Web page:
In the tiny town of Churchill in Canada's Manitoba Province, tourists, photographers, scientists and artists gather to see the polar bears that gather there each fall, waiting for Hudson Bay to freeze. The bears roam the ice flats in search of seals to sustain them through the long winter months.
The polar bears pad across the tundra, endearing yet lethal creatures of Canada’s far north.
The snowy-white carnivores gather each fall by the tiny port of Churchill, Manitoba, waiting for the slate-grey waters of Hudson Bay to freeze so they can roam the ice in search of tasty seals.
This remote town of 1,000, reached only by air or a two-day train ride from Winnipeg, has become the polar-bear capital of the world.
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Bundling up against the Arctic cold, ecotourists riding in bus-like “tundra buggies” flock to Churchill to see the bears, which can weigh more than 1, 500 pounds. Sometimes the behemoths stretch up against the tundra buggies, braced on their almost foot-wide paws, to the delighted screeches of tourists firing their cameras at the windows.
Scientists and artists come to see the polar bears, too, including American wildlife painter and conservationist John Banovich.
Banovich, who studied art in Seattle and once was a competitive body builder and fitness trainer, published his lavishly illustrated 264-page book, “Beast,” this fall.
Now based in Carnation, the 45-year-old Banovich has roamed the world for more than two decades to paint wild animals. The book reproduces more than 100 of his atmospheric oil paintings, accompanied by tales of his adventurous travels.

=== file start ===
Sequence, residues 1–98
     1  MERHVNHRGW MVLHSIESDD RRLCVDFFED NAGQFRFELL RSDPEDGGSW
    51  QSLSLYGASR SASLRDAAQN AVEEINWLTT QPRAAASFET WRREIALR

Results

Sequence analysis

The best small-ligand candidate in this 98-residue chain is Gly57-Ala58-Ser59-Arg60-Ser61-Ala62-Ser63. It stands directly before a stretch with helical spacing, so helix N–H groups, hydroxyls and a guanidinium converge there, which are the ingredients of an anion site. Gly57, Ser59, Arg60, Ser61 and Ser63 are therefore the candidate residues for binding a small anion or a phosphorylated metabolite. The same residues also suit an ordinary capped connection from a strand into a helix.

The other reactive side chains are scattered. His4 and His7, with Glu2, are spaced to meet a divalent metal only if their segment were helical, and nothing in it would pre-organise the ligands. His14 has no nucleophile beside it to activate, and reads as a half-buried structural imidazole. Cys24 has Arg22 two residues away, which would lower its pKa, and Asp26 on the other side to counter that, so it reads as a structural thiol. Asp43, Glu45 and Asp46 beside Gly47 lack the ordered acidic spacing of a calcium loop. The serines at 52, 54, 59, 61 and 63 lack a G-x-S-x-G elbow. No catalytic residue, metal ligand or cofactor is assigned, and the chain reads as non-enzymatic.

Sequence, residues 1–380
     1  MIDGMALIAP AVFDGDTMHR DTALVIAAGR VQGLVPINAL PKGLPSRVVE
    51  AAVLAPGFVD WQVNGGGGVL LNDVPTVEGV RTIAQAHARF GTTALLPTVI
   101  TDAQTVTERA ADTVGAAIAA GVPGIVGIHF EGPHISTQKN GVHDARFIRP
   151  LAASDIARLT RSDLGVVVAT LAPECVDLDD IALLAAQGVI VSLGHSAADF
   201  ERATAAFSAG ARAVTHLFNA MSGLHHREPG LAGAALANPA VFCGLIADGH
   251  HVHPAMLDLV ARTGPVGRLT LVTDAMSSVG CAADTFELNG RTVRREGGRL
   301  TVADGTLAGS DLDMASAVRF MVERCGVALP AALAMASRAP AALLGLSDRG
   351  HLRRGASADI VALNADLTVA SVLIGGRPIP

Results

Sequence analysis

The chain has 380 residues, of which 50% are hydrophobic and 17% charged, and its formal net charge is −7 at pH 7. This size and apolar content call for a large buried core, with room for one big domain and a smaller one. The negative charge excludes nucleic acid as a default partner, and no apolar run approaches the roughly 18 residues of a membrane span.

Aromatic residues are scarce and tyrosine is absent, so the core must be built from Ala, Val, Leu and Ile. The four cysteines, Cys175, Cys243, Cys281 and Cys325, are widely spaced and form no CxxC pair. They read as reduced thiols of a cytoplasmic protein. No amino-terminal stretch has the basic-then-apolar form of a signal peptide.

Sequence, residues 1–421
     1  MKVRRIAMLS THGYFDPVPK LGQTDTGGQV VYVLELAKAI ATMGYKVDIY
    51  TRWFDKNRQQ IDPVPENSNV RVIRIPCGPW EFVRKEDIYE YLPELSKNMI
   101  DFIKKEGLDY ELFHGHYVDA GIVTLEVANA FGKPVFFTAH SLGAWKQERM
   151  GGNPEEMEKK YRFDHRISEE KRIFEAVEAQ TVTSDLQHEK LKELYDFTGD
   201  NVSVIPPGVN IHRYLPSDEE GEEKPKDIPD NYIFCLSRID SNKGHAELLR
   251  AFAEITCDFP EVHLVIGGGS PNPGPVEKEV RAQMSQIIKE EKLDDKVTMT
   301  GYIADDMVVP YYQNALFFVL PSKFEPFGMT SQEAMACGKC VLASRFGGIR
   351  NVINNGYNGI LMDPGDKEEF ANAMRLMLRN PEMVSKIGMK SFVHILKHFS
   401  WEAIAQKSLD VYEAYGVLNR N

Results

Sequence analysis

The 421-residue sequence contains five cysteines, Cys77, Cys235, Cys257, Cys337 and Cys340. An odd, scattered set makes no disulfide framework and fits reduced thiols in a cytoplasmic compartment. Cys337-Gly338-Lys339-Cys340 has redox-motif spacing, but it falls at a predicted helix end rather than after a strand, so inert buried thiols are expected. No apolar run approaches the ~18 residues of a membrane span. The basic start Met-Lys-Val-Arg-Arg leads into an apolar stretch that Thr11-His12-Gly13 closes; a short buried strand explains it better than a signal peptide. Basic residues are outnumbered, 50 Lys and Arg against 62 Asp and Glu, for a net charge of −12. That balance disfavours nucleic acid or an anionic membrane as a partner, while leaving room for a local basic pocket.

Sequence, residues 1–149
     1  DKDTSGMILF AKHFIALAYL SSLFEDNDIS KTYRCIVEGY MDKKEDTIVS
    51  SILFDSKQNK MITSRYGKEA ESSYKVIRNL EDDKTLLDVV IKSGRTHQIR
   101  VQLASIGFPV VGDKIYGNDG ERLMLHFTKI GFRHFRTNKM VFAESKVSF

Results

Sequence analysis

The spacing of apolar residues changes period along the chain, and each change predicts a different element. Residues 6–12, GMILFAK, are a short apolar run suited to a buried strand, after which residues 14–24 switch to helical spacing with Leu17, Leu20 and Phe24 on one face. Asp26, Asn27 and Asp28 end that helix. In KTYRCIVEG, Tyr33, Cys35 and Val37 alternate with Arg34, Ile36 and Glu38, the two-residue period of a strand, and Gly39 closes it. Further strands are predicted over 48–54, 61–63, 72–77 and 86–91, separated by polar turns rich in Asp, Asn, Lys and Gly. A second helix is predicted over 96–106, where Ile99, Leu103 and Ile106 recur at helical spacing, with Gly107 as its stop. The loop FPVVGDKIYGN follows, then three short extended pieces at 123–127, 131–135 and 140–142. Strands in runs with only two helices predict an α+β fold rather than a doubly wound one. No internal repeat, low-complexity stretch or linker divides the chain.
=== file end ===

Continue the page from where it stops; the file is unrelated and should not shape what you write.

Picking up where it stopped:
Africa has captured Banovich’s heart — and paint brush. Uganda’s gorillas, Kenya’s lions, Botswana’s elephants stare out of the book’s glossy pages. But his wild subjects range from snow leopards of the Himalayas and Yellowstone National Park’s elk to the Canadian polar bears.
“It is hard to believe this cuddly face masks the most fearsome carnivore of North America,” writes Banovich of his 2005 Churchill bear painting, entitled “Someone to Watch Over Us.” “And no polar bear is more dangerous than a mother with cubs. Able to drive away an adult male nearly twice her size while protecting her cubs, she views any creature on the ice as a potential meal for her family.”
Male polar bears can stand a fearsome 10 feet tall. But even they don’t mess with mother nature.
Kristin R. Jackson is a Seattle Times travel writer and editor. Contact her at firstname.lastname@example.org